The determinants of investment in collectibles: A probit analysis

Mcinish, T H and Srivastava, R K (1982) The determinants of investment in collectibles: A probit analysis. Journal of Behavioral Economics, 11 (2). 123 - 134. ISSN 1878-5360

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This study investigates differences that might exist between personality, demographic and financial characteristics of owners and nonowners of collectibles. The merits of an investment in collectibles have often been discussed in business periodicals and popular literature (7, 12, 13). Several factors have contributed to a recent increase in interest in collectibles as an investment. One such influence has been the high rate of inflation in recent years. Another has been the broadening of types of investments considered prudent under the “Prudent Man” rule, which requires fiduciaries to make only those investments which would confirm to the standards of a prudent man. Historically, this rule has been interpreted as precluding investment in assets such as art, antiques, or other collectibles. But recently, because of a number of factors, including regulations issued under the Employee Retirement Income Security Act (ERISA), investments in asset such as collectibles have increasingly been regarding as prudent (9). Academic literature has generally neglected the study of collectibles as investments. An exception is Stein (14) who analyzed paintings as an investment within the context of modern capital market theory. Stein concluded that the investment performance of paintings was similar to that of other investments of comparable risk.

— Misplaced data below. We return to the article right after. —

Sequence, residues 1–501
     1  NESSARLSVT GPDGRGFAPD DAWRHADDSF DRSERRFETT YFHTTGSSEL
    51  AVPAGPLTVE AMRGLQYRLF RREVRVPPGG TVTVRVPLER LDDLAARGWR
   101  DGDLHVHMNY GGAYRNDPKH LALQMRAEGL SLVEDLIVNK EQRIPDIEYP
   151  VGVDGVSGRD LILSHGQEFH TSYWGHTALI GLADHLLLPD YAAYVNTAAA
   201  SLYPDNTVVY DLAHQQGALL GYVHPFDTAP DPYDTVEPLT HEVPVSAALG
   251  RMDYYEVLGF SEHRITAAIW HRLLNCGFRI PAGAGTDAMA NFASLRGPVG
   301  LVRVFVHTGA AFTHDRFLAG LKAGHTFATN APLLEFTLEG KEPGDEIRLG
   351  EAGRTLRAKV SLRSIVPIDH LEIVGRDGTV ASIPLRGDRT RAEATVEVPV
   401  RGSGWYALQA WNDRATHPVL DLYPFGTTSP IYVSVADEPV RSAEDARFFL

Item Type: Article
Additional Information: The research paper was published by the author with the affiliation of University of Texas.
Subjects: Marketing
Date Deposited: 09 May 2019 15:40
Last Modified: 10 Jul 2023 16:24

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